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1. COVID BUMP: Trial subscriptions drove the surge during the pandemic
News publishers that offered free and discounted trial subscriptions saw a significantly higher spike in new subscriptions starts during the pandemic than the publishers who did not.
- Publishers with majority of the trial starts enjoyed 105% increase in monthly sales in March versus February, while the others sold just 32% more.
- The difference was smaller, but still significant in April (108% increase vs. 61% increase) and in May (73% vs. 48%).
INMA’s original research of the top-50 biggest subscription news brands showed one-third of them responded to the pandemic in March with aggressive pricing: They lowered the price of their basic digital access or introduced new cheaper trial offers.
- For example, Dagens Nyheter in Sweden offered a free trial for one month and US$12.81 thereafter.
- La Repubblica in Italy offered a trial of €1 per month for three months and €10 thereafter.
- The New York Times in the United States offered a trial of US$1 per week for one year and US$4.25 thereafter.
Although free and discounted trialists usually churn at a much higher rate than full rate subscribers, it seems the aggressive pricing might have actually paid out in the pandemic. “So far, cancellation rates are lower for monthly who subscribers who converted during the pandemic,” commented Patrick Appel, director of research at Piano.
The churn rates for new subscribers acquired in March and April were on average 14% lower than the rates for the January-February cohorts. One hypothesis is the news cycle helped: The news on the pandemic and its consequences engaged readers making them less likely to cancel.
Patrick Appel will share the latest retention benchmarks and trends from Piano later today (Tuesday, June 16) at the INMA Masterclass on Digital Subscriber Retention. You can still buy a ticket and participate live, or catch up later on-demand.
2. LOYALTY: Readers clubs shift to online experiences, offers amid the lockdowns
Experiences and discounts have been the most popular features of the news brand’s loyalty clubs and membership programmes. The COVID-related lockdowns forced changes in rewards.
In May, INMA reviewed the value propositions of the top-50 news brands based on the number of digital subscribers.
- We found 30% or 15 brands had loyalty programmes, mostly automatically signing up the new subscribers. For example, the Wall Street Journal has its WSJ+ and Norway’s Aftenposten has A-kortet.
- Further 14% or 7 brands offered non-content benefits as part of their membership scheme. For example, the UK Guardian has its Patrons and Slovak Dennik N has its Club N.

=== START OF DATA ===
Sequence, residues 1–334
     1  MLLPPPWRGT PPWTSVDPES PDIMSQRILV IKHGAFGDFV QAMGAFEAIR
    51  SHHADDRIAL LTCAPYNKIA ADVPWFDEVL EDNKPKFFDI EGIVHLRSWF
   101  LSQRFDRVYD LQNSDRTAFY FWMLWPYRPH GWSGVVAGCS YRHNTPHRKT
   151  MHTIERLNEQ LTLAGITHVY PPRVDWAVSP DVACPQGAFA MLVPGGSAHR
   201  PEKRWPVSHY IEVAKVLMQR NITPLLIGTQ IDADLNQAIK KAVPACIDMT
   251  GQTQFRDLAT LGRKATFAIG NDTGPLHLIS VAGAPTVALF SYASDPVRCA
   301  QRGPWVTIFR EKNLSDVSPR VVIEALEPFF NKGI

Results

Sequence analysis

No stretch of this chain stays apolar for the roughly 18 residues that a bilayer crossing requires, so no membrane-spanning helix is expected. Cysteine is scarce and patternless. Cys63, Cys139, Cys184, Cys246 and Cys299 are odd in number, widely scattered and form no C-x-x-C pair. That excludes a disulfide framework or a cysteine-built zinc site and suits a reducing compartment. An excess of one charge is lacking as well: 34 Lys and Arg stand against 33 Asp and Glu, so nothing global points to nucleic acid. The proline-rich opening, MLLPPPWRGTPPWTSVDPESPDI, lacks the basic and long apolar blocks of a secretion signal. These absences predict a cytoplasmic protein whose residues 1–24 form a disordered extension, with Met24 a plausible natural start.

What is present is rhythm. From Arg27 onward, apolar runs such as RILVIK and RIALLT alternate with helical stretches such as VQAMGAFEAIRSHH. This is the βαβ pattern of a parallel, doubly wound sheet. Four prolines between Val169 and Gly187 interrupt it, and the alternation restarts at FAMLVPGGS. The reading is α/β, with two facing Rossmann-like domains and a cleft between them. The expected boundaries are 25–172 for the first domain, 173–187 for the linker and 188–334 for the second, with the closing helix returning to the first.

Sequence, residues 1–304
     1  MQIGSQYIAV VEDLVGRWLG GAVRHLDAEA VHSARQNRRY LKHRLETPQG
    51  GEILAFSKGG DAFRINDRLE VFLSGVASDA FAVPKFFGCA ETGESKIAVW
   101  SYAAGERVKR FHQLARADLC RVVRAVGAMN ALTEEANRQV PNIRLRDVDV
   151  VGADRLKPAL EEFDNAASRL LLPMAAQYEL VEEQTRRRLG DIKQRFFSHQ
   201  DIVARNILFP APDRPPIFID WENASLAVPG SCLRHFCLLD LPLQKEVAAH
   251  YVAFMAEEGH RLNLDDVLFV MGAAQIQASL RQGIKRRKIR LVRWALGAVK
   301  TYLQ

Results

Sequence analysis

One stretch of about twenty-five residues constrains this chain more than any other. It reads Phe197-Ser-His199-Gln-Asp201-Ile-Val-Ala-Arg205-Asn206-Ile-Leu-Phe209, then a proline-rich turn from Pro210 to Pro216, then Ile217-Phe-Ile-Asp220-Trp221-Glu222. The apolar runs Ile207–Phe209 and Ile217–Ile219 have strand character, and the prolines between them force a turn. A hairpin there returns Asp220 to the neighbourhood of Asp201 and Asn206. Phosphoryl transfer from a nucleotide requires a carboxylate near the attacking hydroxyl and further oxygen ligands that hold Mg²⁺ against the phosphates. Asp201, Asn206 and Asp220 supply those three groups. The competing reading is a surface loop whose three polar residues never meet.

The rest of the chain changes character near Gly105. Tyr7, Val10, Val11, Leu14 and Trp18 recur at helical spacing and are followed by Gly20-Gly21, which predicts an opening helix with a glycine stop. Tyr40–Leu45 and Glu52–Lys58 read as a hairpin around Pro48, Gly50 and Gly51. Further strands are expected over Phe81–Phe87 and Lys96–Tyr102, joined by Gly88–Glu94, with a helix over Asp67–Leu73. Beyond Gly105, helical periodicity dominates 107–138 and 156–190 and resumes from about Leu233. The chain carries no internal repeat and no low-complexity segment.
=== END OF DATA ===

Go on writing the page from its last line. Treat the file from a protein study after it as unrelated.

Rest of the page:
Majority of the loyalty clubs — 11 out of 15 — offer both rewards related to news/journalism and rewards similar to non-news loyalty clubs, such as shopping malls or airlines.
- Among the rewards related to news, the most common reward types are experiences: access to journalistic events, such as discussions with well-known individuals and experts, master classes, and visits to the newsroom. They are offered by more than half of the brands, or 9 out of 15 clubs.
- News brands offer also podcasts, the publishers’ magazines, e-books written by their journalists, member-exclusive newsletters, access to archives.
- Among the rewards non-related to news, the most common types are discounts to shops, restaurants, or service providers (such as travel agencies). They are offered by majority of brands, or 12 out of 15 clubs.
- The non-news related experiences include online courses, alcohol tasting sessions, business clubs.
- Competitions and lotteries are less common and offered by half of the brands.
Amid the pandemic, the loyalty clubs have been forced to remove out-of-home rewards such as physical events, discounts for in-person services, etc.
For example, for German Zeit’s club Freunde der Zeit, in-person events were at the centre of the subscriber engagement strategy. “Traditionally, digital events did not work for us. The pandemic changed it,” said Lennart Schneider of Die Zeit in an interview with INMA. “We are getting between 100 and 1,000 readers registering. The most popular was a meeting with the best-selling author Daniel Kehlmann, of which 650 readers watched live.”
This is a common ratio: between 50% and 70% people who register actually watches the online events live. The rest might wish to watch the event on-demand when it’s convenient.
Die Zeit records the events, cuts them into parts, and then republishes as videos and as audio podcasts to increase the distribution.
It has experimented with many online meeting technologies and settled on Clickmeeting, which doesn’t require participants to download any apps and allows watching streams right in the browser. “That was important for our B2B subscribers, many of whom couldn’t install any software themselves on company’s computers,” explained Schneider.
Freunde der Zeit has 67,000 registered members. The membership is free to all 350,000 subscribers who need to opt in.
Lennart Schneider will talk about German Zeit’s loyalty club tomorrow (Wednesday, June 17) at the monthly meet-up of the Readers First initiative. INMA members can register for free.
About this newsletter
Today’s newsletter is written by Grzegorz (Greg) Piechota, researcher-in-residence at INMA, based in Oxford, England. Here I am share results of my original research, notes from interviews with news publishers, reflections on my readings. Previous editions are archived online.
This newsletter is a public face of a revenue and media subscriptions initiative by INMA, outlined here. E-mail me at firstname.lastname@example.org with thoughts, suggestions, and questions. Sign up to our Slack channel.
Banner image courtesy of Radek Grzybowski on Unsplash/The New York Times.